Thursday, February 16, 2006
Lost in Translation
Because ministers here have nothing better to do with their – hugely overpaid – time, one member of the Flemish government has deemed it necessary to order that all Flemish cities should henceforth only be known by their Flemish (Dutch language) name. You see, in 1988 the national government decided that municipalities close to the language border and certain large cities should be referable both by their Dutch and their French name. So Antwerpen (Dutch name) is know by the French speaking population as Anvers. In English it is Antwerp of course. Gent (D) is Gand (F) or Ghent in English, and Brussel (D) is Bruxelles (F) is Brussels (E). So far so good.
Now that the authority to take decisions over these extremely important matters is transferred from national (federal) level to the three communities (French speaking, Dutch speaking and German speaking), the Flemish government apparently made it a priority to get somewhat more on the French speaking people’s nerves by forbidding the use of the French names. Needless to say, this move was very important to us, Flemish people, since it offers us such clear advantages as … ehm … and …er… and not to forget …Idunno…
This game has been going on for a while, and it leads to some annoying side effects. Especially to the poor foreigner who has to traverse our country. You see, it is very strictly forbidden to use the French designations for places on the highway and street signs in the Flemish part of the country. People that are caught writing Flemish names of places on signs in the French speaking part of the country will also be shot on the spot for this unforgivable error. So assume that you would want to go to the city of Mons in Wallonia coming from England and traversing Flanders. Would you know you had to follow the signs mentioning ‘Bergen’? Apparently people coming from Brussels and going to Liège via the ring way around Brussels can follow signs pointing out the direction to Liège, until they come to the very point where they have to get of the ring way and take another highway, because there the sign says ‘Luik’ instead of ‘Liège’. Unfortunately, that particular off ramp is located on Flemish territory, making it illegal to put up a sign with the French name of this rather important city.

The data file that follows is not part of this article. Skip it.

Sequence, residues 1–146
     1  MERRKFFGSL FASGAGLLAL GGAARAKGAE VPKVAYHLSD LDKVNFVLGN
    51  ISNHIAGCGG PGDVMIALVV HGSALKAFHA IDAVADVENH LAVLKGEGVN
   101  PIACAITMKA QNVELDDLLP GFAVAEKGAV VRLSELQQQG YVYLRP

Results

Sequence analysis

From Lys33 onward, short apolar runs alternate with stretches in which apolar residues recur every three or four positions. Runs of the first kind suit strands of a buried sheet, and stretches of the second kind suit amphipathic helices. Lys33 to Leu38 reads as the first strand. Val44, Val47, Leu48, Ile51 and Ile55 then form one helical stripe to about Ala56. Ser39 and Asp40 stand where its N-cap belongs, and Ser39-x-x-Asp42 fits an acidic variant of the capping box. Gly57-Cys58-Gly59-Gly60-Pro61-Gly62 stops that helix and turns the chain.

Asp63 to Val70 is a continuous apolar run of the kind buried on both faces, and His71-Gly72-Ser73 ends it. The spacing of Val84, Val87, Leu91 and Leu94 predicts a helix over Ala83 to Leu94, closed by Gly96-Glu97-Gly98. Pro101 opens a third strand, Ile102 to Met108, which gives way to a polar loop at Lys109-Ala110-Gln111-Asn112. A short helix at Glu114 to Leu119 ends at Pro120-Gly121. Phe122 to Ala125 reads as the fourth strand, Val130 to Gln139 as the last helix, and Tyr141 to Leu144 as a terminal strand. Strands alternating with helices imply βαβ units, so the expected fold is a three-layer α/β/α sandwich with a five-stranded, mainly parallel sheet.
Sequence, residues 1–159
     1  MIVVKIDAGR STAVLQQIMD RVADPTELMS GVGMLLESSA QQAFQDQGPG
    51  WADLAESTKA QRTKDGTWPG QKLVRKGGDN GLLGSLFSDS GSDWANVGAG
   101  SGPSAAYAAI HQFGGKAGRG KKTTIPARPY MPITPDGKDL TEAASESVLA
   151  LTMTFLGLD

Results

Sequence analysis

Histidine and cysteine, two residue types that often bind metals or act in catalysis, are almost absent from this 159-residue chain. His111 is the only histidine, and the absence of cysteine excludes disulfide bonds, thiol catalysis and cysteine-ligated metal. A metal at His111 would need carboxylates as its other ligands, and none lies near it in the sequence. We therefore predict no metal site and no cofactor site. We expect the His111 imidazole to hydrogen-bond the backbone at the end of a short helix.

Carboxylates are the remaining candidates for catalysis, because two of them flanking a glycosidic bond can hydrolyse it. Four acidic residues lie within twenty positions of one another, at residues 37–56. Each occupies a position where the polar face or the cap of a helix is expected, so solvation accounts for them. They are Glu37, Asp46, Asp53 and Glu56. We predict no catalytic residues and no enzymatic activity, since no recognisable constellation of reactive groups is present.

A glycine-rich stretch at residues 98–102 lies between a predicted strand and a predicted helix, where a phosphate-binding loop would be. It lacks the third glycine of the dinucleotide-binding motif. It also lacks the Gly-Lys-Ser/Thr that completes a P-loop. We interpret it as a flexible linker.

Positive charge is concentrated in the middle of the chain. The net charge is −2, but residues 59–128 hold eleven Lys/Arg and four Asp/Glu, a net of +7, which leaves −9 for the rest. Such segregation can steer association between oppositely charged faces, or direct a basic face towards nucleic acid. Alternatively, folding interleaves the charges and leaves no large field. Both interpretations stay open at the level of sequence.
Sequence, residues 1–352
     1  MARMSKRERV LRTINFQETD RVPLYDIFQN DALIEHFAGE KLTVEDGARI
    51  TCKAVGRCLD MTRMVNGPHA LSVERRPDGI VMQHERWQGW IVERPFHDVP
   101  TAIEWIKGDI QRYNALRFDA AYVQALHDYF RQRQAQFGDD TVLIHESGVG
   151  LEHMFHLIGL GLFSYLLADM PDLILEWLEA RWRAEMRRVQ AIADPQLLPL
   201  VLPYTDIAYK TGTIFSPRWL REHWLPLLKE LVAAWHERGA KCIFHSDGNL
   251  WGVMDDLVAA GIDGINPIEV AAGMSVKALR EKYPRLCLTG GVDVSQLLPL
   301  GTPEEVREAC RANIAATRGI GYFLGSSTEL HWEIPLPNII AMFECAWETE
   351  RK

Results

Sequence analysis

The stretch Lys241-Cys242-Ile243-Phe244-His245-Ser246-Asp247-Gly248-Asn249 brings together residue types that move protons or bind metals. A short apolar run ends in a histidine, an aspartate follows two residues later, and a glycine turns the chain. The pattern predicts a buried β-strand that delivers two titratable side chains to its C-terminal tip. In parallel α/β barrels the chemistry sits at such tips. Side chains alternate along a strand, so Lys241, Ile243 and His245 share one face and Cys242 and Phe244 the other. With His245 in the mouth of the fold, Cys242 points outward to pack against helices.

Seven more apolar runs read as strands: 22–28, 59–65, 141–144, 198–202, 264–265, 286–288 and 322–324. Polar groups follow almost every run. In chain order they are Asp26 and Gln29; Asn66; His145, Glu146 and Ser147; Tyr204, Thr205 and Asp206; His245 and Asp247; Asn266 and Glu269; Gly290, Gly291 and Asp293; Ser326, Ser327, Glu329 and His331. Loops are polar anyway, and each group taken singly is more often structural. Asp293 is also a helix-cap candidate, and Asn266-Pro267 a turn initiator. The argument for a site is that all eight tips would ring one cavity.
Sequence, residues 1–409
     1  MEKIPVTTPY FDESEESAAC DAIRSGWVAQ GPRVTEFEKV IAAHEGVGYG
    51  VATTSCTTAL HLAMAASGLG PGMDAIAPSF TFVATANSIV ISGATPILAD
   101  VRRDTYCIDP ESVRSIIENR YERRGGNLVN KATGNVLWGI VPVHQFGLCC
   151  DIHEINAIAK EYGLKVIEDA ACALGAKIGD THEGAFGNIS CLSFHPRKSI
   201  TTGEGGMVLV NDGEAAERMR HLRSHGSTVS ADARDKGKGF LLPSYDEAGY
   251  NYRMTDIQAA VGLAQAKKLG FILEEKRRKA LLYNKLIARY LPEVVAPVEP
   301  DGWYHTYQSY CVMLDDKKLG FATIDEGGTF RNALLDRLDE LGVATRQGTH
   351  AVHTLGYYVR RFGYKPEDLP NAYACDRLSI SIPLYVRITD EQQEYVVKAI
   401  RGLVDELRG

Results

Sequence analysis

Another problem is that people with nothing better to do on both sides of the language border, amuse themselves on otherwise boring Sundays by spray-painting over the French or Flemish name on the signs on the borderof their municipality. Of course, because everybody starts to do this – yelling ‘they started it’ as adults do – it has become very difficult to see in which place you’ve actually arrived.
My advice: when you come to Belgium, take a GPS system with you.